ELIZABETHTOWN — For Deborah and her family, going back to school presents not only new academic challenges, but additional financial hardship as well.
“We get $750 each month in disability — that’s all we have to live on,” she said pointedly Saturday afternoon. “Our bills are $600 each month. How are we supposed to afford all the clothes, school supplies and everything else needed to go back to school on just $150, and eat, too?”
Deborah — the Bladen Journal, as a courtesy, agreed to withhold publishing her real name — brought her two children to the Cape Fear Farmer’s Market on Saturday for the first Back 2 School Bash hosted by several area Methodist churches. Her son, like hundreds of other students who stood in the hour-long line, was getting a free haircut from one of the stylists who set up shop in the farmers market. The quartet — three men and one woman — brought in barber chairs, booster seats and capes, along with the drop cords, electric clippers, shears, brooms and dustpans, combs, and styling products necessary to transform the market into a beauty salon/barber shop. They did so in order to provide their services free of charge for Bladen County students.
“If it weren’t for this, I’d have to spend $12 each for hair cuts, and I don’t know what I would have done,” Deborah said while watching her son’s locks fall to the floor. “I just don’t know.”
As a member of a “classic” family — they all enjoy classic rock music and 19th century films — her son is a big James Dean buff and was trading the long locks common to the tween boy years for a cleaner, Dean-style look.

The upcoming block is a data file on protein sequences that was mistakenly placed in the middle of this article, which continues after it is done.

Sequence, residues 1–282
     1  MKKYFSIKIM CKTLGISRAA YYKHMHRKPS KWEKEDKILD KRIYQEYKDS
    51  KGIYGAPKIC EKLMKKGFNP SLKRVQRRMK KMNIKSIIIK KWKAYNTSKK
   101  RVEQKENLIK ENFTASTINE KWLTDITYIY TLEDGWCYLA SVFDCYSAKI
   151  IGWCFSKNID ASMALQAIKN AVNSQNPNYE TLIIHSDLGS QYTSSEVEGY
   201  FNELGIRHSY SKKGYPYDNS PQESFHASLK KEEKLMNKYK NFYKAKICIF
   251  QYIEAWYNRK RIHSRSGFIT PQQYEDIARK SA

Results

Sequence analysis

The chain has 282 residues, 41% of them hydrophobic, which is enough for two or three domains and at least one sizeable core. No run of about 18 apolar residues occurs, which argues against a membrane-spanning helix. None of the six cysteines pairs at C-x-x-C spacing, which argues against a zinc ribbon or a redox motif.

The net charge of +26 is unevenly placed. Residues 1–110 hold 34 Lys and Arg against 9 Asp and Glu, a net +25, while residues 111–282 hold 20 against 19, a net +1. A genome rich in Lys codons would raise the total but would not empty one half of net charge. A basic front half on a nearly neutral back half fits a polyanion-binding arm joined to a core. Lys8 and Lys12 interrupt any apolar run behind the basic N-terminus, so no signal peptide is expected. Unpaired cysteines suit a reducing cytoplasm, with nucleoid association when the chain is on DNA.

“Look at him,” the beaming mother pronounced. “He’s so happy.”
Barber Jamie Smith was trimming the youth’s auburn hair and talked about the decision to spend his Saturday afternoon away from His and Hers, the shop on Poplar Street in Elizabethtown he runs with his brother Garrett.
“My dad started this shop, and I know this is something he would do,” Jamie said. “It’s just a way to give back to the community. That’s something he instilled in us and something we want to do.”
“Think about what they’re doing,” Back 2 School Bash organizer and Bladen Charge Pastor Brock Meyer said while observing the group. “Saturday is their busiest day, and they don’t get paid a salary — they normally get paid for each customer they have. By spending their Saturday here, they’re donating not just their time, but their income too.”
All three of His and Hers stylists — the Smith brothers, as well as Bruce Harrelson — were at the Cape Fear Farmer’s Market while their shop was closed.
Additionally, Rose Ann Smith-Inman, a licensed beautician who currently works in another profession, donated her Saturday to the cause.
“She’s been working nonstop since we started,” Meyer said of Smith-Inman around noon. “She’s been working very hard. I don’t know how she’s doing it.”
Back in Smith’s chair, the barber flung aside the cape, auburn hair fell to the floor, and the youth sprang from the chair with precise lines around his ears, a neat and fresh look, and a wide grin. He ran his fingers through his new mane, familiarizing himself with the new ‘do.
“Better?” he asked his mom.
“Much better,” she answered.
Barbers donated their time and talent Saturday as a way to give back to the community.
Saturday’s back-to-school event drew hundreds to the Cape Fear Farmer’s Market, including an hour-long line for haircuts.
Chrysta Carroll can be reached by calling 910-862-4163 or emailing firstname.lastname@example.org.